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Cambridge 2030 vision aims to tackle inequality across city

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A new initiative has been launched that aims to unite the Cambridge community to fight inequality and create a healthy and prosperous city.

From left, Alison Taylor, of Conscious Communications, and Simon Humphrey, of Arm, are working on Cambridge 2030. Picture: Keith Heppell
From left, Alison Taylor, of Conscious Communications, and Simon Humphrey, of Arm, are working on Cambridge 2030. Picture: Keith Heppell

Cambridge 2030 aims to bring together the public, private, voluntary and community sectors to plug gaps in provision and resources in the city.

Speaking on behalf of Cambridge 2030, Simon Humphrey, senior manager of sustainability at Arm, said: “The city’s world standing as an academic and innovation hub, and its continued economic growth, have resulted in a massive gulf between the wealth and prosperity of those people enjoying success and those who are living in poverty.

“This is not a situation we are proud of and it is time to take decisive action to affect positive change. The opportunities that exist in a great city like Cambridge for some are not being realised for others.”

The initiative also aims to increase Cambridge’s progress towards the UN Sustainable Development Goals (Global Goals), which will drive change towards a more equal and inclusive city.

Cambridge 2030 will encourage collaboration between existing organisations working in the city’s communities and larger organisations that have the resources to offer support. The initiative will work to identify where there are gaps in provision and where the capacity could be built to have greater impact, and then direct additional resources into those areas.

Simon explained that the concept was born from conversations between himself, Conscious Communications managing director, Alison Taylor, and Robert Marshall, of the Marshall Group.

Alison said: “Working with schools across Cambridge I have seen the transformative impact that well-conceived collaborations between the maintained and private schools can have on the opportunities and aspirations of young people in our most disadvantaged communities. It is this collaborative effort, directed by a collective mission, that we need to escalate to deliver real and lasting change in Cambridge.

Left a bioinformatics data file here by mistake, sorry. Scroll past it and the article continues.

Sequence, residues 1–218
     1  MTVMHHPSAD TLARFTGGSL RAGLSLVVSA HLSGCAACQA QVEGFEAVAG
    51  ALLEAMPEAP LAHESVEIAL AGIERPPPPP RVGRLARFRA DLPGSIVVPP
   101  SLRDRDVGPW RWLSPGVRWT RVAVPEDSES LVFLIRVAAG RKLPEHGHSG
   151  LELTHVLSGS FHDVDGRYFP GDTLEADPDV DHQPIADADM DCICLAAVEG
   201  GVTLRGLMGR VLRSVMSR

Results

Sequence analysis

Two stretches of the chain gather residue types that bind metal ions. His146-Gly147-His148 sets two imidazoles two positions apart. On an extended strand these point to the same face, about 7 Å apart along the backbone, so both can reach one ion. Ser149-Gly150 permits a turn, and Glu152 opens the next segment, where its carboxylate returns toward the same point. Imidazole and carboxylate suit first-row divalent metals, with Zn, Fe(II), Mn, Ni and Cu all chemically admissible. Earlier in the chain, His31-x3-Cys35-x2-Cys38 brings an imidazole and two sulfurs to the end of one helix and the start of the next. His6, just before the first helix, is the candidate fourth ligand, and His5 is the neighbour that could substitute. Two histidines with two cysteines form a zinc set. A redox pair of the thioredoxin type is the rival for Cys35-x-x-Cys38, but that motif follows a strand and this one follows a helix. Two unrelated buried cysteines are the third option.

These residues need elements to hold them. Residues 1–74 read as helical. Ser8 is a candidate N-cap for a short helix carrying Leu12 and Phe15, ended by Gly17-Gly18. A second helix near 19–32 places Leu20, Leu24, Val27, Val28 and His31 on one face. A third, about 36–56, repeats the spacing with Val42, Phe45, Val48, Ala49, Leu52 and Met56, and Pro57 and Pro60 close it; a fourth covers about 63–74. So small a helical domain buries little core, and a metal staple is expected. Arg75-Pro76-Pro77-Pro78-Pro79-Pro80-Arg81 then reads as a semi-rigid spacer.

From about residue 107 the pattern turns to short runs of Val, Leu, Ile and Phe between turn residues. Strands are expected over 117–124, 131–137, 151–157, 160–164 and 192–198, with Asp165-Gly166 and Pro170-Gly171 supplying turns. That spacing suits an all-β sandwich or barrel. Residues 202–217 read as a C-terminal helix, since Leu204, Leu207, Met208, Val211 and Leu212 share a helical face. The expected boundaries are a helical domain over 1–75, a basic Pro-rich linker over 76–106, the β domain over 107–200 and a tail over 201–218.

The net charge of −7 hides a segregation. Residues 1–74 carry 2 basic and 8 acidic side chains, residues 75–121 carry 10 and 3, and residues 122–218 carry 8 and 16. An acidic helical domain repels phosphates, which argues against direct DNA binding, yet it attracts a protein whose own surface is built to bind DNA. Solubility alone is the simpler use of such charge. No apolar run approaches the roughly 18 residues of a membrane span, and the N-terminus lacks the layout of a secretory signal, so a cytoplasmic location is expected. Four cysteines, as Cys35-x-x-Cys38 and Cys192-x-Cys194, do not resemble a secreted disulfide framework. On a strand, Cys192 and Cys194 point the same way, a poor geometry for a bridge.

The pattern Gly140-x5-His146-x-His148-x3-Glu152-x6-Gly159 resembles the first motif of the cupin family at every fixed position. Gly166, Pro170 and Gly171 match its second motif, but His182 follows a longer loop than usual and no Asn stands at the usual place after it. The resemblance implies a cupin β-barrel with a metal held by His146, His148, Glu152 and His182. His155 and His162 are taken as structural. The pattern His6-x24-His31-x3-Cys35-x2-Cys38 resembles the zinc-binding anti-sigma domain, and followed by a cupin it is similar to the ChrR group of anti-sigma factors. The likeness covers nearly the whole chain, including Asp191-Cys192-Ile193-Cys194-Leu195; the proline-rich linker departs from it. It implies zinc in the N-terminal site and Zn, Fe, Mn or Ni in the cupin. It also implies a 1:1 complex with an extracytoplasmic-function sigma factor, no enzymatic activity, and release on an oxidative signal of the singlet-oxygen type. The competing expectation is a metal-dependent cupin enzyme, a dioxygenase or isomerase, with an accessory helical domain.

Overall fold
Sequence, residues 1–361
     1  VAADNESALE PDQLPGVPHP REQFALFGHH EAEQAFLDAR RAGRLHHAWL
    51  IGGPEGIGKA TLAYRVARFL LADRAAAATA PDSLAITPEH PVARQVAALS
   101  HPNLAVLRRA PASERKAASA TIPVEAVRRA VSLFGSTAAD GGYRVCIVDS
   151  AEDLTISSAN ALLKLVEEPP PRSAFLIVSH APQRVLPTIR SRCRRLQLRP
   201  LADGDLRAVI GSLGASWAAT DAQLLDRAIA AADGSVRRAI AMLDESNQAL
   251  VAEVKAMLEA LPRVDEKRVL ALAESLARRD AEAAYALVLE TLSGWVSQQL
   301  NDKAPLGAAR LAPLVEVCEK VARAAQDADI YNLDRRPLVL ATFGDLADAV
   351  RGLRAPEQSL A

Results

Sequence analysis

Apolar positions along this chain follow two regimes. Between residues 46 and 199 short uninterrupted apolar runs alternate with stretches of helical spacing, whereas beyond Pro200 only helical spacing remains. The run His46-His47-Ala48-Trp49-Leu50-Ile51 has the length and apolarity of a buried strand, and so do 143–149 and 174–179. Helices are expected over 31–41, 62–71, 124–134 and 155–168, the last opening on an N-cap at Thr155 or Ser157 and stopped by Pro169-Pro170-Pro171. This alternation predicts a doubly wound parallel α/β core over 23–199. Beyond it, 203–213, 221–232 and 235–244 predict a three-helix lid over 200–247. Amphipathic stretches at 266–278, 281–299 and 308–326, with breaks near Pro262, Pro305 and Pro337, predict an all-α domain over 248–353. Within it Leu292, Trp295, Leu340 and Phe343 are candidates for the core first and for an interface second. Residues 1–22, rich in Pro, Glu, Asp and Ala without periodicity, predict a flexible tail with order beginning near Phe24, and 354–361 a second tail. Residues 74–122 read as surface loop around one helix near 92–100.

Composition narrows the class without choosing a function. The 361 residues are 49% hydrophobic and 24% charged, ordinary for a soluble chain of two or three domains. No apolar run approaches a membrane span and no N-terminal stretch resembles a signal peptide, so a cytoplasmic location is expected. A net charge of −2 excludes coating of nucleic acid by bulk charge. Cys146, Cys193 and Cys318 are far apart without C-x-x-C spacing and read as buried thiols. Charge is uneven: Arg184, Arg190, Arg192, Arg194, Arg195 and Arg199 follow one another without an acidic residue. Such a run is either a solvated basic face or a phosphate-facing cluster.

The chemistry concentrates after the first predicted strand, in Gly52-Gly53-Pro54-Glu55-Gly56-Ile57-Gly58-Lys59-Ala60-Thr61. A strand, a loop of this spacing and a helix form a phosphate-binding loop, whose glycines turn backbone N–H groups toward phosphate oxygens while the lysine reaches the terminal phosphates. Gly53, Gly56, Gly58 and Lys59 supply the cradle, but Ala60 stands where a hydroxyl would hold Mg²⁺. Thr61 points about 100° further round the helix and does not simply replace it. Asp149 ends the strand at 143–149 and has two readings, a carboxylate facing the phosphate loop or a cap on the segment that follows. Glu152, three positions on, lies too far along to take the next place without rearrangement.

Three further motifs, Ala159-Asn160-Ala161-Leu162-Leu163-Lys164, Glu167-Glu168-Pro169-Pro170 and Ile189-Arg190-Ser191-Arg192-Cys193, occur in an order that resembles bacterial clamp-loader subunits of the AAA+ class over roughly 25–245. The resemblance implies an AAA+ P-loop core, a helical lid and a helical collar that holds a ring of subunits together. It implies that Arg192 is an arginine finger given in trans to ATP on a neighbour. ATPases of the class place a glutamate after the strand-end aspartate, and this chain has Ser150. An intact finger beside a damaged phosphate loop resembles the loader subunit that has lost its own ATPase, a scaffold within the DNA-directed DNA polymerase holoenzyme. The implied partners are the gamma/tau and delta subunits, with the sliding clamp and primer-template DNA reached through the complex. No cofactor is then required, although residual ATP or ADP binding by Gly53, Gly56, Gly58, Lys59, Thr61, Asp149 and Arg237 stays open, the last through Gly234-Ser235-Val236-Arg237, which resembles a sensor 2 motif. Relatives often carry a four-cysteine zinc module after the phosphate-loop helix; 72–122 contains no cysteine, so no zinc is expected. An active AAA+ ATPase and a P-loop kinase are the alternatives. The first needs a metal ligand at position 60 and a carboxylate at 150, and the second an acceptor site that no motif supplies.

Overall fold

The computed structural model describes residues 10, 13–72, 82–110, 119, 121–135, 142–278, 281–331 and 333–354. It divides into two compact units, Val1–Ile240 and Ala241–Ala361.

“Nowhere else in the UK are public, private, voluntary and community sectors working together to address the Global Goals. Yet it is only through this combined approach that we will be able to reach the targets we and 192 other countries have signed up to.

“I’d like to see Cambridge leading the way, developing a model that works, that can be measured, and that can be replicated in the context of other parts of the country and the world.”

Founding and supporting partners of Cambridge 2030, which will be involved in steering the direction and delivery of the programme, include Abbey People, Allia, Arm, Cambridge Ahead, Cambridge Commons, Cambridge Network, Cambridge Past, Present & Future, Cambridge Sustainable Food, Cambridge United Community Trust, CHS, CoFarm, Conscious Communications, Groundwork East, Howard Group, It Takes a City, Marshall Group, Mills & Reeve and YMCA.

In 2018, Cambridge was declared the most unequal city in the UK, for the second year running, by Centre for Cities.

Cambridge 2030 will officially launch in January 2020, and its first phase of action will be around promoting wellbeing for all, beginning before birth.

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